HR Metrics

July 18, 2022

5 Simple Steps To Forecasting Recruiter Needs

Yes, you can forecast recruiter needs!

No, it won't be perfect, but it can be close. 

Here are five simple steps to creating a close-to-perfect recruiting forecast.

But first, why is it important to forecast your recruiting needs?

It's simple, really. Like any other labor planning exercise, if you don't have an accurate headcount forecast, you won't have the right people in place to meet the business's needs.

Whether you are trying to figure out how many recruiters you need for a new division or whether a recruiter leaving spells trouble, you need to accurately forecast your recruiting needs and identify what type of talent you will need.

Steps to Forecast Recruiter Needs

Getting the number of recruiters right is vital. Too few, and you'll be overwhelmed with work. Too many, and you'll have a lot of overhead costs and probably some unhappy recruiters.

But forecasting recruiter needs isn't as simple as dividing your total open requisitions by the number of recruiters on your team.

Some jobs take longer to fill than others, and some recruiters are better than others at finding candidates.

You need to take into account all of these factors to get an accurate picture of how many recruiters you need at any given time:

Step 1: Know your current headcount

Know that you can't forecast recruiter needs accurately if you don't know how many recruiters you have right now.

As a result, the first step in your headcount planning should be an accurate review of your current recruiting staff.

The easiest way to do this is to run a report of all employees currently in any kind of recruiting role.

If you use applicant tracking software, run an employee report showing everyone with a recruiting title. If not, talk to HR or the person who does payroll so you can get the information yourself.

Step 2- Current Headcount vs Open Reqs

The second step in planning for recruiter needs is to determine the current headcount of your team. This includes full-time employees (FTEs), contractors, and agency recruiters.

Once you've determined the current headcount, take a look at any open requisitions you might have as well as any other anticipated hiring needs (e.g., upcoming layoffs).

Step 3: Identify the Key Positions to Fill

In a new organization, you'll likely have to fill every position. In an established company, you may be filling only a handful of positions or just one.

Every role is important to your company's success. A wrong hire can cost you time and money, and cause you to lose customers.

Don't leave filling any position to chance—plan for it before you need it.

The first step is to identify all critical positions in your company that require recruiting support and determine the frequency with which they need to be filled. This becomes the basis for your hiring forecast.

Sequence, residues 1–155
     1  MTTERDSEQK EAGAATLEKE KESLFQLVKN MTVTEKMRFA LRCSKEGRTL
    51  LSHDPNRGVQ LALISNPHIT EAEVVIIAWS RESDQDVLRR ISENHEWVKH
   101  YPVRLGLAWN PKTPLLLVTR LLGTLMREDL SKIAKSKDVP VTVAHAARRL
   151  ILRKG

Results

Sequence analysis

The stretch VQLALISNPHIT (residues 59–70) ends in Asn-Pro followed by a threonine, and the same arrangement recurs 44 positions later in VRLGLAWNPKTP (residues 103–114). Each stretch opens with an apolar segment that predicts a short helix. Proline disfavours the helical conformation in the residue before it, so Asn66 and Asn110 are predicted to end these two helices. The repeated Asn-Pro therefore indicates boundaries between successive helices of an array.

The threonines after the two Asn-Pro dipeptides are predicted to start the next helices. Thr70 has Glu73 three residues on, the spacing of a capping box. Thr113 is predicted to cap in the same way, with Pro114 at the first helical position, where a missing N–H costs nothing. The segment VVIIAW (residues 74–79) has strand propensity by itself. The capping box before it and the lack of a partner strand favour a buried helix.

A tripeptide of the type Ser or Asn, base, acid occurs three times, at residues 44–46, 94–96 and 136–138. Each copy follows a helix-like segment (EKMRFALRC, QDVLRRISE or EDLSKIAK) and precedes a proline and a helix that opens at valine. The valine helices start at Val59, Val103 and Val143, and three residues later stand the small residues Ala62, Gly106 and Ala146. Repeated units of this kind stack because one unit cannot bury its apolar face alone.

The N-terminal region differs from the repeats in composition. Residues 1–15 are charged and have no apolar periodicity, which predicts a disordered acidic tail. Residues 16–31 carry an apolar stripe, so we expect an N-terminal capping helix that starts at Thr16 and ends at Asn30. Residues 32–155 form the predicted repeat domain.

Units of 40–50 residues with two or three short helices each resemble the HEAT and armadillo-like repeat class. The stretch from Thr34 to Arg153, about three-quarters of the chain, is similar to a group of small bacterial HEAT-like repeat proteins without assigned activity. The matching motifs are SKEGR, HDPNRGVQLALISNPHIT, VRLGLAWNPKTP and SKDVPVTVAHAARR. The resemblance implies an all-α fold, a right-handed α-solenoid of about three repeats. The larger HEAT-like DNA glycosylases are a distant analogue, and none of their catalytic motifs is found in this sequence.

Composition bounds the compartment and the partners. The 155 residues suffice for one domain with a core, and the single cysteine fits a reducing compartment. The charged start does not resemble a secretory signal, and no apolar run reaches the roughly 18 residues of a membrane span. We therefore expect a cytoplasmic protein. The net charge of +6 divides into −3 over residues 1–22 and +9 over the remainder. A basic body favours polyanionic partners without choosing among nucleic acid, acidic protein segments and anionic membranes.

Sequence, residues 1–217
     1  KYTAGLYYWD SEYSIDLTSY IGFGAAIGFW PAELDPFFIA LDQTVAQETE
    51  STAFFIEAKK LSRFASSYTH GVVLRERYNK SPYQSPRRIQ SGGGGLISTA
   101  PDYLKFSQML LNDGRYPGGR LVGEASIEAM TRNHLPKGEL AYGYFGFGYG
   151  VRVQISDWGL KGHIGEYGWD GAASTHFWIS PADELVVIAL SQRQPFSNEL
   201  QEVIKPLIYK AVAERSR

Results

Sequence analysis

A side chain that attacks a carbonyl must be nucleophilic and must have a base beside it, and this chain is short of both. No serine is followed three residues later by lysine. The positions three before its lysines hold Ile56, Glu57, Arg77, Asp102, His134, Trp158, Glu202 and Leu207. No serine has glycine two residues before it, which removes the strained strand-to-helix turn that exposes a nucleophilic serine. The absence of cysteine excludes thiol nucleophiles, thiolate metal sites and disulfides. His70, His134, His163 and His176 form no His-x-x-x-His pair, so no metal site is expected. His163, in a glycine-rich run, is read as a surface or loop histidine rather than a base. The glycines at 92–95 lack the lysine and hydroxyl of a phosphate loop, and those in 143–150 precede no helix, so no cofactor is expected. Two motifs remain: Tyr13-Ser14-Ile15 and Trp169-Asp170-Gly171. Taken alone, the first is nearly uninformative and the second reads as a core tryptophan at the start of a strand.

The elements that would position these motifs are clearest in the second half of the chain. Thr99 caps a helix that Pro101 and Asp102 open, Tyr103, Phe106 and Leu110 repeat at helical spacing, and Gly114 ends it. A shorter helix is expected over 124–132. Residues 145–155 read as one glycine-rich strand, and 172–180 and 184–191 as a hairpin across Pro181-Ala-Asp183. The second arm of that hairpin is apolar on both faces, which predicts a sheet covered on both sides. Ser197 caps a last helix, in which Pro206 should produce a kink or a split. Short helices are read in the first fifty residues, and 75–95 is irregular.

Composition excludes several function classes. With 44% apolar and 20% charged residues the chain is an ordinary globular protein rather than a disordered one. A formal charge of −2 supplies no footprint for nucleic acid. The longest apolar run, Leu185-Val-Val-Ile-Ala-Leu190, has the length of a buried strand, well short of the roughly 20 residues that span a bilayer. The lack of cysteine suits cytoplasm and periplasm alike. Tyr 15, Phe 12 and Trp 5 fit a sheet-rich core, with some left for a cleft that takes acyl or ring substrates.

Step 4: Define your recruiting strategy

When you develop a strong recruiting strategy, it’s easier to understand what types of candidates you need to hire to grow your business.

Before hiring new recruiters, consider what roles are critical for achieving your business goals and which roles are less important. This will help you determine if hiring full-time employees or contract recruiters makes more sense.

For example, If one of your main objectives is to hire entry-level sales representatives, then hiring internal recruiters with experience in this area may be beneficial since they can guide candidates through the entire hiring process.

However, contract recruiters may be a better option if your company is growing rapidly and needs temporary support during peak seasons.

Step 5: Look ahead at turnover and hiring plans

Next, look at turnover rates for all of your departments for the last year or two (you can average them), then multiply those rates by the number of people in each department. That will give you a rough estimate of how many recruits you will need over the next 12 months.

Bonus step: Determine the Number of Interviews Required Per Role

Once you know what roles you'll be hiring for, figure out how many interviews each role will require. To do that, multiply the number of hires you expect to make by the projected number of interviews needed for each one.

For example, if you expect five hires for a specific open role, and each one requires an average of seven interviews, that role alone will require 35 interviews. This is a very simple calculation, but it quickly adds up when you have multiple openings.

Bottom line

As with most things in recruitment, forecasting recruiter needs is both an art and a science. You want to stay on top of the latest recruiting trends, but you also want to make sure your forecast accounts for the preferences of your team and hiring managers. 

With eqtble, you can know how many recruiters you should hire based on factors like the number of open positions, the growth rate over a period, and the average time between opening to filling an opening for candidates.

PS: Our HR Metrics Catalog is always growing, providing you with hundreds of metrics that our expert community has identified as being useful.